2020 kicked off with record-breaking wildfires in Australia, the hatching a global pandemic, and later the a new wildfires season turning into ashes thousands of sqkm of the U.S. West Coast, then Trump again… you know all that right?
In the middle of all that craziness, we were juggling to cover the events with visual stories. As usual, I did a little more than necessary in order to explore and get details relevant to our stories… and well, not all of them worked out…
Where there is fire, there is smoke
Some events on our planet reach sufficient dimensions to be easily seen from space, wildfires are one of them.
I had work with GMAO data many times before, it’s a good source to see a model of aerosols and other specific data on a large scale, works very well for continental areas, not too much for a closer zoom like country level.
Anyway, the idea of this. visualisation was very clear, it was about to show the large dimension of the smoke caused by the wildfires in the US. West Coast.
One by one in QGIS, I did a series of renderings like the one shown above with data between June and mid-September (around 100 days), which is probably not too much, but the data is collected every 3 hours so I manually processed about 400 files to get a smooth animation.
To get control of the style without coming again to QGIS, I did the series of data only, a layer with the country borders, a layer with labels and so on… I also did one version with the same idea but in a globe.
I often try different versions of my graphics, On my team here at Reuters, we often joke that until we get to the twentieth version we won’t be close to finishing … Although in some cases that joke does come true.
The final version ended up looking a bit different. I controlled the final style in Illustrator, Photoshop and After Effects.
There are many more pieces in that story, including a really cool cutaway of the smoke made by my teammate Manas Sharma with data from NASA’s Calipso mission. You can have a look to the full story here: https://tmsnrt.rs/3nkkOkX.
But the wildfires continued to break historical records and turning the city’s skies orange-red. There were many other stories on that tragedy waiting to be told, even though the stories of the covid-19 did not stop harassing us either.
An aircraft swarm
Air attack was one of those stories we worked on in the middle of this year, the main idea was to show the impressive deployment and coordination of planes to deal with the fires in California. Just doing the planes was very enthusiastic, the main issue was how to pick the right ones.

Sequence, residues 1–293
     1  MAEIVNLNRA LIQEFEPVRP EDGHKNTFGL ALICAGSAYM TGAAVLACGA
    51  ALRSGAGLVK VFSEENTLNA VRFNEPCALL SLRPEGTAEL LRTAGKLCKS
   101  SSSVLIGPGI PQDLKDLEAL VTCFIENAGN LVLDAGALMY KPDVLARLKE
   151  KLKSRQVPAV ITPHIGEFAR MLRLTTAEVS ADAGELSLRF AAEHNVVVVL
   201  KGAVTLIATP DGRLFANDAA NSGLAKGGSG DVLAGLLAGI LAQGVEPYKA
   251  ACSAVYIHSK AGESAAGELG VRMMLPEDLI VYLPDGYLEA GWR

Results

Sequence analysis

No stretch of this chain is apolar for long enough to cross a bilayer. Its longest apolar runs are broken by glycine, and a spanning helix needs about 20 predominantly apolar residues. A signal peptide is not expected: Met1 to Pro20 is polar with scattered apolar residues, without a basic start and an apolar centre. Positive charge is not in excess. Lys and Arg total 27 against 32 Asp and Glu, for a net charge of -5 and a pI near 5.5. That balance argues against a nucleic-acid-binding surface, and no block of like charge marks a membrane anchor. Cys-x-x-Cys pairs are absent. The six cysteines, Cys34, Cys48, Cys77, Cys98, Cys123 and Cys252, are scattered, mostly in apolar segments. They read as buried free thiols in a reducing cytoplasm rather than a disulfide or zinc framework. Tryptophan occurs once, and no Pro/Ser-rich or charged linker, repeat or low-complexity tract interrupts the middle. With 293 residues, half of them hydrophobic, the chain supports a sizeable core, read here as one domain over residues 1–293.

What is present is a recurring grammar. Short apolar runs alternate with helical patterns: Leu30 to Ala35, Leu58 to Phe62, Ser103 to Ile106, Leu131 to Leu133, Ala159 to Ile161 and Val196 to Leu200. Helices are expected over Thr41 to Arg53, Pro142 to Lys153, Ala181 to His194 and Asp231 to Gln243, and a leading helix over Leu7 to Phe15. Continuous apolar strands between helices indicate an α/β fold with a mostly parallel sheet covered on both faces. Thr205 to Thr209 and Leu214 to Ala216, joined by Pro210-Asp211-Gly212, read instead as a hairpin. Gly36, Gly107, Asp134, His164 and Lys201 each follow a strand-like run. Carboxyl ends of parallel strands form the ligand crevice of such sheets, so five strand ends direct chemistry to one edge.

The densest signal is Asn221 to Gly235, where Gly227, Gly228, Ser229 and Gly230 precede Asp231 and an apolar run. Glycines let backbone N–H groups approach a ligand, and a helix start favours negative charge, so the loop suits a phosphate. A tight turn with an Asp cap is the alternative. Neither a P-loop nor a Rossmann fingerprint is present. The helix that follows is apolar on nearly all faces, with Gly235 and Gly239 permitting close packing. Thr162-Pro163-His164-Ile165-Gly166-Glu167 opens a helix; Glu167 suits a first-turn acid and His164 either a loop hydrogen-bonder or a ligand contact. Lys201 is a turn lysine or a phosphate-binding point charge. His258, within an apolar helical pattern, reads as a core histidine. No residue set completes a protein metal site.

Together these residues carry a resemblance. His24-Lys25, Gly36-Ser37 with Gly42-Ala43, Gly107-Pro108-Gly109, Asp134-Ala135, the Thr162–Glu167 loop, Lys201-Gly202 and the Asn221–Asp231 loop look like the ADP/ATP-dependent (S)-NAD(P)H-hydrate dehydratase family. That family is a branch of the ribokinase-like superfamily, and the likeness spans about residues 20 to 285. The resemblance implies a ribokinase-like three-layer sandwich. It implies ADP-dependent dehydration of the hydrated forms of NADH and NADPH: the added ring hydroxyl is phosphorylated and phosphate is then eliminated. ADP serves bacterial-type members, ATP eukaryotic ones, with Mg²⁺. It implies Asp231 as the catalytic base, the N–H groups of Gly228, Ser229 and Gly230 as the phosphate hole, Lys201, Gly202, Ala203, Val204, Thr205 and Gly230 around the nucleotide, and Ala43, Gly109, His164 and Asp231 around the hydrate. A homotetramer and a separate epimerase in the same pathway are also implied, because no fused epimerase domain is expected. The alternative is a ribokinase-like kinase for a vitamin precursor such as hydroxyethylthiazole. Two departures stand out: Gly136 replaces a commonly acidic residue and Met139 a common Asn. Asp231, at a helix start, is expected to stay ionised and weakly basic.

Cal-Fire has on hand an extensive fleet of planes, tankers and helicopters, some in heavy operation, others less so. However, the flight and route logs from FlightRadar24 gave us an outlet to filter the aircraft.
You may have noticed some airplanes in the image above that aren’t in the final story. The AT-802A were used to guide tankers in the old days, they are probably still in use elsewhere, I think you can see them in the Pixar movie “Planes”.
That was one of the “unnecessary resources” that I created, thinking that it might have been nice to show how things have evolved over the years, but it was not the case. You can read the story through the following link: https://tmsnrt.rs/2Iy2K7W
Wine and ashes
There’s one thing you should know about me: I love wine.
Most of the stories I’ve made in the last year or two are sad, some about environmental disasters, people in danger, dying, or losing everything.
Like many, this story came with some mixed feelings. I think it was the first time that I had the opportunity to do something about wine, and it involved the destruction of hundreds of vineyards.
Although I really enjoy to do reporting, create a map, draw a diagram, or write a story draft, those same stories always bring me a strange mix of joy in doing my job and the sadness of understanding the dimensions of a problem or event. I’m not complaining, I keep my job at the office, but it’s curious I guess.
You can have a look to the wine story here: https://tmsnrt.rs/3eZnWQ9
There’s no time enough in the world
Not matter how much time I can have, there’s always one more thing I’ll like to explore. Nice thing is you can save the idea in the bucket for next time. And the fires coverage wasn’t an exception.
Around mid year, I was exploring at VIIRS/NPP data, this data contains 26 data sets including radiance sensors, shortwave IR radiance, earth’s brightness and temperatures etc.
That data can give you a daily quick look of lights and temperatures of the planet’s surface, of course if clouds play nice and go away from your interest area.
After downloading the data for a few days in the area, I noticed some bright areas that turned on and off depending on the day, probably fires that were seen burning from space at night.
The lights were so intense that you can easily mistake them for city lights. Check the white circles bellow:
About #infofails post series:
I keep my beta graphics, those that never go public… Maybe they are tons of versions of a graphic or just a few concepts, part of my creative process. So, where all those things go? well, ends-up in #infofails –a collection of my fails at work.
Did you like #infofails?
Have a look to other #infofails Chapters here:
2: Plastic bottles
3: Hong Kong protest
4: The Everest
5: Amazon gold
10 thoughts on “#Infofails: the world on fire”
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